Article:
Summer seems to be the season that allows me the most time for personal reading, but now that we're halfway through, I'm feeling the pressure to get through it all! Here's what's been on my nightstand/iPod/Kindle this summer, and I'd love to hear your recommendations. What's the best book you've read this year?
Several of the books I've read this year have been recommended to me by my friend Barb. We love to talk books and school and news and a myriad of other topics, and I always love her input. Outliers was a fascinating read about how people are made successful. "Self-made" men don't really exist, and Malcolm Gladwell makes a solid case as to why.
I'm not necessarily a huge Bush fan, but I loved both of Barbara's memoirs and thought I'd read George W.'s as well. As we are approaching the 10th anniversary of the attack on 9/11, I am finding President Bush's accounts of the events surrounding the incident to be extremely interesting reading.
I read Blue Like Jazz last year and found Donald Miller to be easy going but not necessarily easy reading. He made me think, and I like to be challenged to step around and see something outside of my paradigm. A Million Miles in a Thousand Years has done the same, although because it's on my Kindle I've been reading it considerably slower than the other books.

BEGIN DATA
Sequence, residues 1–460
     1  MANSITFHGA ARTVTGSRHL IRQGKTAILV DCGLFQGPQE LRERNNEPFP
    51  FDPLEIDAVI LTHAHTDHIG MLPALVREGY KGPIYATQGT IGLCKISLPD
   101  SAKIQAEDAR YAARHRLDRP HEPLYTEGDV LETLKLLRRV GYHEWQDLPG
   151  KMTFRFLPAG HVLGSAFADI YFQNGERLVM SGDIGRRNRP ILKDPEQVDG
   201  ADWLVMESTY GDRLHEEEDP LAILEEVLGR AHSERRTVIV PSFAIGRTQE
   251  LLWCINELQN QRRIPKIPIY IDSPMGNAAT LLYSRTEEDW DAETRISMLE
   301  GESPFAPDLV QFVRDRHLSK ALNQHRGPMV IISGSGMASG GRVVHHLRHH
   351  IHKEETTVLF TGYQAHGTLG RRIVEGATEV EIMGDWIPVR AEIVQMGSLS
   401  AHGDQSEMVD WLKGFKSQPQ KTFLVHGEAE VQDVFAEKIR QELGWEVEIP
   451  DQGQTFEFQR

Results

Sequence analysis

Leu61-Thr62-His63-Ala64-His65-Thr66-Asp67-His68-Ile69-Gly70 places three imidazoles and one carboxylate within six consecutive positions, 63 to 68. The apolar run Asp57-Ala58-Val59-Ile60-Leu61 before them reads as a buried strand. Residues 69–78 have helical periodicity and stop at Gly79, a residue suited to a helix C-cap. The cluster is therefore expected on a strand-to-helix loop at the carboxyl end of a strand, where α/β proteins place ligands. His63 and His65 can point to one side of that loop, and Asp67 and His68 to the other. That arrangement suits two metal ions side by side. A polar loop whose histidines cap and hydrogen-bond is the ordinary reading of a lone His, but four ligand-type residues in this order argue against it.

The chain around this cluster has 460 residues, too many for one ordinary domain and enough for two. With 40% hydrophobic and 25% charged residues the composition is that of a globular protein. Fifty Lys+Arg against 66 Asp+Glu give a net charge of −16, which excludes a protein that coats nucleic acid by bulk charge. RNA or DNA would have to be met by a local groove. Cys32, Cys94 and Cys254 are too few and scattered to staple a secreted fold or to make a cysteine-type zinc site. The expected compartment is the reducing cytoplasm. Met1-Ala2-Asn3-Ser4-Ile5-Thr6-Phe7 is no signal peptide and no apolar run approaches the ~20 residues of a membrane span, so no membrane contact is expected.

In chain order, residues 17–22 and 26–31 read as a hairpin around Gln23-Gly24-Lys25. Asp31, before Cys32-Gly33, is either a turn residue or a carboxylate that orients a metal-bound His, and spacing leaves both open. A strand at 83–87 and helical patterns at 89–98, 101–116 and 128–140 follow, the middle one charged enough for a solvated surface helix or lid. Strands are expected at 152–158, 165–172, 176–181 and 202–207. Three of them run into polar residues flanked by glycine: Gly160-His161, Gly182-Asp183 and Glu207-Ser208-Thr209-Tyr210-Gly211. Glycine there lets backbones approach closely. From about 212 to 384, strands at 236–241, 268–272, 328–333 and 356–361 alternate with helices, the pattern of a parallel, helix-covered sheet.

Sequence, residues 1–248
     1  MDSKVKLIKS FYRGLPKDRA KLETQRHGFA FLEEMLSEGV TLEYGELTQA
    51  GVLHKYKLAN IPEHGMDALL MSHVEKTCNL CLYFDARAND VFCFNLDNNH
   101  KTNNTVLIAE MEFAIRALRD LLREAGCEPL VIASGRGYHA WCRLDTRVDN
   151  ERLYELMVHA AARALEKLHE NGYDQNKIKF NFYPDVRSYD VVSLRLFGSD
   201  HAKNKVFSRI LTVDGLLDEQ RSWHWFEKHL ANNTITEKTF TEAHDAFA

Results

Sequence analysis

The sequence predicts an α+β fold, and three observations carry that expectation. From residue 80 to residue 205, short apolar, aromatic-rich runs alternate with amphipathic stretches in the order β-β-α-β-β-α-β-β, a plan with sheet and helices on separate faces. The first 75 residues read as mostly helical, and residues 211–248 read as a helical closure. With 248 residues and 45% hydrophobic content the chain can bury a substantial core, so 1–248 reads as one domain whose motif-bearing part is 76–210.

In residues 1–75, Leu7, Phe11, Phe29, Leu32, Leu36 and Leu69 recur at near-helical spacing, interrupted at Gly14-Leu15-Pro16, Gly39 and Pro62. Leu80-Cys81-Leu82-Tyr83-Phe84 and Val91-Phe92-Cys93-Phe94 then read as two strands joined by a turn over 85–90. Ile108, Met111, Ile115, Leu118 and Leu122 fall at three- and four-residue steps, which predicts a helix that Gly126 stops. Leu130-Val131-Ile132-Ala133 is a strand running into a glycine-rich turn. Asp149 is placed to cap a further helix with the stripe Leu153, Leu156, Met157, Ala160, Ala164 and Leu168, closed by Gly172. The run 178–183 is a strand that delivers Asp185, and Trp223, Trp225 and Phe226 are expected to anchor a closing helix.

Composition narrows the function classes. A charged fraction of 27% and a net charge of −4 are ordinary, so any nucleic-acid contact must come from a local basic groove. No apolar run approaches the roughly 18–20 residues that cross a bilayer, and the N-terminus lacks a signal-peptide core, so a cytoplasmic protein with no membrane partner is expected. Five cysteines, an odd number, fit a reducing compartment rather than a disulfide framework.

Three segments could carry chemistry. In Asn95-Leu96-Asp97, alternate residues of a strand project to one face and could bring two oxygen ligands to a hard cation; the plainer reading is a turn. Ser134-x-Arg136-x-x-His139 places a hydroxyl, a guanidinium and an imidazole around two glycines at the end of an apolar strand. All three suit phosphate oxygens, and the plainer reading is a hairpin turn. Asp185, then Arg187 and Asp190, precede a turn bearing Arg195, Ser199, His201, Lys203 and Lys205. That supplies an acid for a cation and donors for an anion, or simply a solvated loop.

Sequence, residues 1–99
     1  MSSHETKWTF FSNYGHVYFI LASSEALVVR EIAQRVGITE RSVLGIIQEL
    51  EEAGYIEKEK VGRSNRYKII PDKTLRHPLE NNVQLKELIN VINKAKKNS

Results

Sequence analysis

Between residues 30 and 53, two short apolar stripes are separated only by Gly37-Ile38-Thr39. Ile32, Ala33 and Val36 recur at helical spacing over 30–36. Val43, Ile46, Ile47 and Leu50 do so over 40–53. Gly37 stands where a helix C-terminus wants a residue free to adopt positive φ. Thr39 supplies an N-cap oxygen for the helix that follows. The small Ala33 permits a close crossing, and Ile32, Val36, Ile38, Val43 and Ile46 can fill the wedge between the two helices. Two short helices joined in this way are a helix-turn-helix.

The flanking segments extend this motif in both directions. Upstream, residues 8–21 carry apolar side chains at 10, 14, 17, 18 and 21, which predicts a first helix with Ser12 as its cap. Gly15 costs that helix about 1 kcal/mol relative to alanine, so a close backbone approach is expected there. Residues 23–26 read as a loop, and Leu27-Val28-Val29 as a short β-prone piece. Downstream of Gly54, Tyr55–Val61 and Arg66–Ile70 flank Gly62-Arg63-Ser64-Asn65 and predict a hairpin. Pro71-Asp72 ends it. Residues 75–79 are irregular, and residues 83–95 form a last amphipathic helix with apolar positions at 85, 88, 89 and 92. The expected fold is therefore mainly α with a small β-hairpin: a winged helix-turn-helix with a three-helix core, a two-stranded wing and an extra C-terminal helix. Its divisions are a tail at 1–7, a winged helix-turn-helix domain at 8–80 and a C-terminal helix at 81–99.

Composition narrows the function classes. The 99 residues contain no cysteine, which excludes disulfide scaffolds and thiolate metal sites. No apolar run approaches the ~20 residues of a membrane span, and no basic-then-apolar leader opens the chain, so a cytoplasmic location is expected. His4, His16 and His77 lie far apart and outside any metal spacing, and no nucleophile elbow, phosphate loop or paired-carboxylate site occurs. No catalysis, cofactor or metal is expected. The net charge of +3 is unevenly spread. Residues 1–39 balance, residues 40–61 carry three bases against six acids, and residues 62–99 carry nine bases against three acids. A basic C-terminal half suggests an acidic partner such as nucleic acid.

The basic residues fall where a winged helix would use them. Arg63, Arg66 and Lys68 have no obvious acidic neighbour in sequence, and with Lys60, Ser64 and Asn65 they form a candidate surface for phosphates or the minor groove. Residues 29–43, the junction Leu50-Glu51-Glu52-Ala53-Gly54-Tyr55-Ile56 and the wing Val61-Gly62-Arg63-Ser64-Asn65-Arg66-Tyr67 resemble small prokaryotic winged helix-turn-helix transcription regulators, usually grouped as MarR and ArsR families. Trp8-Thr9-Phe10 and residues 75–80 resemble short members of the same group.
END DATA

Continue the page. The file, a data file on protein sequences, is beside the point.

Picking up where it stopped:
Another recommendation from Barb, I'm finding The Primal Teen to be an excellent read as well. As I got a chapter or two into it, I realized that I had heard this study mentioned on a Family Life Today broadcast. The scientists being interviewed by Dennis Rainey said something to the affect that we always knew our teens were a little goofy, a little inconsistent, and a lot irrational, and now we know why. Mmmmhmmm.
I really, really love to have new parenting strategies on hand, and so I'm usually reading or re-reading parenting books at one time or another. While I'm only a few chapters into Mama Rock's Rules, I have got enough laughs, ideas, and encouragement to take me through the end of the year, I think. Check this out: "When I call a child, I expect him to come downstairs immediately. If he doesn't, he'd better be sleeping or unconscious." Hee!